Letter Ruling Public Enforcement Letter 00-2: Janis Montalbano
c/o C. Deborah Phillips, Esq.
Nickless & Phillips
495 Main Street
Fitchburg, MA 01420
Dear Ms. Montalbano:
As you know, the State Ethics Commission ("the Commission") has conducted a preliminary inquiry into allegations that you, as a member of the school committee for the Narragansett Regional School District, violated the state conflict of interest law, General Laws c. 268A, by approving payment warrants in which companies owned by your husband and son had financial interests. Based on the staffs inquiry (discussed below), the Commission voted on March 29, 2000, that there is reasonable cause to believe that you violated the state conflict of interest law, G.L. c. 268A, s.s. 19 and 23(b)(3).
For the reasons discussed below, the Commission does not believe that further proceedings are warranted. Instead, the Commission has determined that the public interest would be better served by bringing to your attention, and to the public's attention, the facts revealed by the preliminary inquiry and by explaining the application of the law to the facts, with the expectation that this advice will ensure your understanding of and future compliance with the conflict of interest law. By agreeing to this public letter as a final resolution of this matter, you do not admit to the facts and law discussed below. The Commission and you have agreed that there will be no formal action against you in this matter and that you have chosen not to exercise your right to a hearing before the Commission.
1. During the time relevant, you were a member of the school committee for the Narragansett Regional School District ("the District"). There are eight school committee members.
2. Your son William owns a company known as MEESD, Inc., a dealership that sells and services computers. Your husband Charles owns Montalbano Electric. Both entities received contracts for goods and services from schools within the District and both submitted invoices to the school committee for payment over the years. In fact, your husband has done work for the school department for about fifteen years.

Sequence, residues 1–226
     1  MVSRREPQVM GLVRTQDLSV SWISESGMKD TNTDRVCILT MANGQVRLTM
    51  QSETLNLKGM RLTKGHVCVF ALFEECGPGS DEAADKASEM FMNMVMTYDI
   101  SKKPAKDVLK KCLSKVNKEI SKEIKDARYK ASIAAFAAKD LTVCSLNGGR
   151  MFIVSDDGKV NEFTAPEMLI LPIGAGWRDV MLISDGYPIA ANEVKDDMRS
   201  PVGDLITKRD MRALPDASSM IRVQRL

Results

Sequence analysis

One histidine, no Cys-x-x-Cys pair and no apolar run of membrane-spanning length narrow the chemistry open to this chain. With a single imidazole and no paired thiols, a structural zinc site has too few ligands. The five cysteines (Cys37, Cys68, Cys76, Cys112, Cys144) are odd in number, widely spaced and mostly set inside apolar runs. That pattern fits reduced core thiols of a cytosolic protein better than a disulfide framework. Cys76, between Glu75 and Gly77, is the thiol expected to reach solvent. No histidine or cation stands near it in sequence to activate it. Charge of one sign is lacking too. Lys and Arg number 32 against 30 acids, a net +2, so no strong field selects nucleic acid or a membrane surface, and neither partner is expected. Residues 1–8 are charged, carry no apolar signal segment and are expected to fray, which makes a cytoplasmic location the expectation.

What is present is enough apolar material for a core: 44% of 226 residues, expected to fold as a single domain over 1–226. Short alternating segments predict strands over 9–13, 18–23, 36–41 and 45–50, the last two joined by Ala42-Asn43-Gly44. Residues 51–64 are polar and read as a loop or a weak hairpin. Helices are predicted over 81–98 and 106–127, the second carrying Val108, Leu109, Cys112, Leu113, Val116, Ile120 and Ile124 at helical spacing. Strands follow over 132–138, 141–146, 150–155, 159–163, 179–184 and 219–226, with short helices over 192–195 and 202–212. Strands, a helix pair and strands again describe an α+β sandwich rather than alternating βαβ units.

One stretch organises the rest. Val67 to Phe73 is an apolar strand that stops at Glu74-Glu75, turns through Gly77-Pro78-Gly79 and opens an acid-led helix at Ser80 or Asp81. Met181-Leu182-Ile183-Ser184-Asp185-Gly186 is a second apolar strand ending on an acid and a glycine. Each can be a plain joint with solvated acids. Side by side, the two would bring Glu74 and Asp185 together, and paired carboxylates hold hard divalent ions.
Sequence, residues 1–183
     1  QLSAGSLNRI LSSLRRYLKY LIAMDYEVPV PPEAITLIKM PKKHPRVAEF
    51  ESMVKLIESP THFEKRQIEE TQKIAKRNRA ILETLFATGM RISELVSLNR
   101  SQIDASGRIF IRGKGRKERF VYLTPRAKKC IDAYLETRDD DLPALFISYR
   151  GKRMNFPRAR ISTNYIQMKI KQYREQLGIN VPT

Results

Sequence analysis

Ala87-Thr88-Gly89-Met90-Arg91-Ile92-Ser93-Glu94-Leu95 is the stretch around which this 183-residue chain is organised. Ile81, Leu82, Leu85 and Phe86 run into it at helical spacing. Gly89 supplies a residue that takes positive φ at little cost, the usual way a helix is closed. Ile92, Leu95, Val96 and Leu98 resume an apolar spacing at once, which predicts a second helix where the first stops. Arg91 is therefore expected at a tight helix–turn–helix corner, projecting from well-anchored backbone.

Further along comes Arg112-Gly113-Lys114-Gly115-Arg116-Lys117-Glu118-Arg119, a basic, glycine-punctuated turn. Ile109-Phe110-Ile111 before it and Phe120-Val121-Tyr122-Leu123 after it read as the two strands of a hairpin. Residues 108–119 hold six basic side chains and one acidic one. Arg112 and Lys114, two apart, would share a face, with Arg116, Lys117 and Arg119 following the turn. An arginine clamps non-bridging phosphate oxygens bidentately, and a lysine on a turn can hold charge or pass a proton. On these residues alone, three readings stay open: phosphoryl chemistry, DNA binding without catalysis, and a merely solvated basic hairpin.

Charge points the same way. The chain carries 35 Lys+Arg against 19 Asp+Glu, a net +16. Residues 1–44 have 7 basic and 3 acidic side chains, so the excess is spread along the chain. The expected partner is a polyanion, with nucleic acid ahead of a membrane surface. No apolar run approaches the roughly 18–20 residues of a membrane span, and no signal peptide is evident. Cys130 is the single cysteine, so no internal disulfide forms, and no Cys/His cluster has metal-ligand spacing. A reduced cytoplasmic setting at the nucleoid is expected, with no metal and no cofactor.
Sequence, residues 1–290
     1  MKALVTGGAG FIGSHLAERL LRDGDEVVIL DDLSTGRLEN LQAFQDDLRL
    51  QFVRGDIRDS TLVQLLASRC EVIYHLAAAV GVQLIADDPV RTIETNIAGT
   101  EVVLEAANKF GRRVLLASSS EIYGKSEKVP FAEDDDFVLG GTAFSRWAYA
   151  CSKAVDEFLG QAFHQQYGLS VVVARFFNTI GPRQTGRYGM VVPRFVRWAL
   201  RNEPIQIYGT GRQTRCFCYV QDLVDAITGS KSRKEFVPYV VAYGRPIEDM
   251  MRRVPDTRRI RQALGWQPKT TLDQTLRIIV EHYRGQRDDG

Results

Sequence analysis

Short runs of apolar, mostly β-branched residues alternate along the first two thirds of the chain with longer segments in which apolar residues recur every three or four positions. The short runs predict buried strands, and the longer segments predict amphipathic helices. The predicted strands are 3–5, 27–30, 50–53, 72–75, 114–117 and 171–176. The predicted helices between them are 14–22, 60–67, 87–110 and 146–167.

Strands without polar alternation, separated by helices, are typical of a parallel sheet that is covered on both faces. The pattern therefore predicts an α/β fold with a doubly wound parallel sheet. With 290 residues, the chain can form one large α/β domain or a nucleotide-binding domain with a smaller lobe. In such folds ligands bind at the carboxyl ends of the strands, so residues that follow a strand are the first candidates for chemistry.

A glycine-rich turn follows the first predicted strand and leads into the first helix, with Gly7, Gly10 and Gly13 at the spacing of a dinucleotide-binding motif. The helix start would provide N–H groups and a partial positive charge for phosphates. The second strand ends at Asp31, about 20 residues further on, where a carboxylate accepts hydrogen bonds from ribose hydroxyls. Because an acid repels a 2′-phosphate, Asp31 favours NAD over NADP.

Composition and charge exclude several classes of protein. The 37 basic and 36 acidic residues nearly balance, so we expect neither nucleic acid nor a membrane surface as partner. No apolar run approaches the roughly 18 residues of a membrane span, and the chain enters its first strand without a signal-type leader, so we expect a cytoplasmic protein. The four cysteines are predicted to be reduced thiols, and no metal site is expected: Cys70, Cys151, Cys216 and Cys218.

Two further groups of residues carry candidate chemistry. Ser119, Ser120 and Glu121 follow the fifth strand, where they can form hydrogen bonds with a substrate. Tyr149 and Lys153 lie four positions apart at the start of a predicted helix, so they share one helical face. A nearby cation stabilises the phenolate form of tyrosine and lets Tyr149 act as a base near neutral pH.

3. Each month, after the school department received invoices from various vendors, the superintendent reviewed and approved the purchase orders, with the in-
voices attached, thereby authorizing the school department treasurer to process payment for that item or service. The treasurer also received verification from the teacher or principal that the items or services had been received.
4. The treasurer then prepared the warrant for the school committee to review and approve that month. Each warrant was a computer printout listing the vendors and the payments due. The school committee members then reviewed the warrant and approved the payments therein by signing at the bottom. The school committee members did not review each individual bill presented for payment. The invoices themselves were not attached to the warrants, but they were available in the superintendent's office for review. Usually, one school committee member reviewed the invoices on behalf of the committee.
5. As a member of the school committee, you signed warrants authorizing payments to your husband's and son's companies on various occasions between May 1, 1996, and May 11, 1998. The warrants listed all vendors in alphabetical order and the payments due for that period. The following chart describes the payments approved for your family's companies:
Warrant Date Company Amount
7/15/96 Montalbano Electric $460.00
12/17/96 MESD $827.70
1/21/97 MESD $508.46
2/11/97 Montalbano Electric $429.00
3/18/97 MESD $963.35
5/12/97 MESD $1,062.78
" " Montalbano Electric $560.00
6/17/97 MESD $1,500.00
2/10/98 MESD $450.00